The beginning of civil war in Syria

By Khadija Patel 17 November 2011

While the Arab League met in Rabat on Wednesday to enforce Syria’s suspension from the organisation, Syrian opposition groups claimed that army defectors attacked military facilities in several locations around Damascus. If confirmed, this could be the first salvo of a civil war. By KHADIJA PATEL.

The anti-Assad, Free Syrian Army used a Facebook post on Tuesday to announce to the world that army defectors launched a coordinated attack against several military facilities in Damascus. “The Free Syrian Army carried out special operations in all Damascus areas to foil a plan being prepared by the regime against our people and to send a message to the regime that the Free Syrian Army can hit anywhere and anytime,” the post said.

According to the Facebook post, the defectors inflicted “many casualties” on government forces but the claims are yet to be independently verified. US Assistant Secretary of State for Near Eastern Affairs Jeffrey Feltman however pleaded with the opposition “to continue to reject violence. To do otherwise would, frankly, make the regime’s job of brutal repression easier” while crippling domestic and international support for the protests. Throughout this year, Assad has defended his crackdown against anti-government demonstrations, arguing that his government was battling an armed insurrection. The bold claims of attacks by the Free Syrian Army then validate Assad’s arguments. 

Feltman has issued a terse warning against further violence. “It will play into the regime’s hands, divide the opposition, and undermine international consensus against the regime,” he said. He refrained however from labelling the anti-government violence as an attack, saying instead that some protestors were “taking up arms in self-defence” against the crackdown.

Feltman also revealed that Arab leaders have privately told the United States that they have offered Assad asylum in a bid to get him to step down. “Some Arab leaders already have begun to offer Assad safe haven in an effort to encourage him to leave peaceably and quickly,” he said.

After the Arab League met in Rabat in Morocco on Wednesday, Qatar’s Foreign Minister, Sheikh Hamad bin Jassim Al Thani said, “We are close to the end of the road as far as the (Arab League’s) efforts on this front are concerned.” The League has already suspended Syria from the organisation and it suspected that it would enforce economic sanctions against Damascus if Assad continues with the crackdown. The League has now given Syria three days to agree to end its crackdown on protesters and allow teams of observers into the country.

Supporters of Assad responded by hurling their anger at the Arab League on two Arab embassies in Damascus. The crowds threw stones and debris and sprayed graffiti on the walls of the United Arab Emirates (UAE) embassy. “You bastards, you agents of Israel,” read some of the graffiti on the UAE embassy, witnesses are reported to have said.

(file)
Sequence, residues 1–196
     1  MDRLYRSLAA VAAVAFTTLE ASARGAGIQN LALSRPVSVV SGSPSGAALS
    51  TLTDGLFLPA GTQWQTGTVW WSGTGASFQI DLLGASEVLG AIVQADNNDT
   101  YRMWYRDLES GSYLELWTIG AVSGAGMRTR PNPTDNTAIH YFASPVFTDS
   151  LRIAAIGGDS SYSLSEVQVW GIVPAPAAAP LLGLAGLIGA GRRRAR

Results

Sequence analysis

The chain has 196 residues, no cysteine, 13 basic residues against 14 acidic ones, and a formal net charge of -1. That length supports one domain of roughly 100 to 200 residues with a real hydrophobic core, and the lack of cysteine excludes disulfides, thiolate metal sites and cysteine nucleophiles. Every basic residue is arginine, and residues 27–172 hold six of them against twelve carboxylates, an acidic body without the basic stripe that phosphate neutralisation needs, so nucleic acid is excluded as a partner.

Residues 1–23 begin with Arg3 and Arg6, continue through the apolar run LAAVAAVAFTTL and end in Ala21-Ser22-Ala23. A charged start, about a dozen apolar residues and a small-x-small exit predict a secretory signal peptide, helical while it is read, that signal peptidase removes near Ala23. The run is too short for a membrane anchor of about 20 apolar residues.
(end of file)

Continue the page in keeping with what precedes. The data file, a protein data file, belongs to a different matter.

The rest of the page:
Israel itself remains wary of the developments in Syria. The head of Israel’s defence ministry’s diplomatic-security bureau Amos Gilad is reported to have warned of a possible “Islamic empire” if Assad were to be ousted. Gilad said that the removal of the Syrian leader would lead to a “devastating crisis for Israel”. Gilad believes that Israel would be threatened by “wars with the Muslim Brotherhood in Egypt, Syria and Jordan if the Syrian Revolution succeeds in overthrowing al-Assad’s regime.” He argued that the Brotherhood, one of Egypt’s largest political organisations, with branches in Jordan and Syria, “aims to eliminate Israel and build an Islamic empire” controlling the entire region and destroy Israel.

France however has shown no such reservation in its response to the Syrian crisis. On Wednesday the French government recalled its ambassador to Damascus, further intensifying diplomatic pressure on Assad. French Foreign Minister Alain Juppe said France was working with the Arab League on a draft resolution on Syria at the United Nations. The resolution is not likely to succeed as Russia continues to be opposed to punitive measures against Syria.

In the meanwhile, Syria says it remains committed to the Arab League peace plan, which calls for the withdrawal of troops from urban areas and the release of prisoners and a dialogue with the opposition. State media said more than 1,000 prisoners, including prominent dissident Kamal Labwani, were freed on Tuesday. Human rights campaigners contend that tens of thousands more are still in detention.  Something is indeed rotten in the state of Syria. DM

Read mores:

  • Syria’s economy is key to Assad’s future in The Washington Post;
  • Syria opposition fails to convince Russia over Assad in BBC News;
  • Robert Fisk: Assad will only go if his own tanks turn against him in The Independent;
  • Is the Syrian Conflict Turning Against Assad? In The Atlantic.




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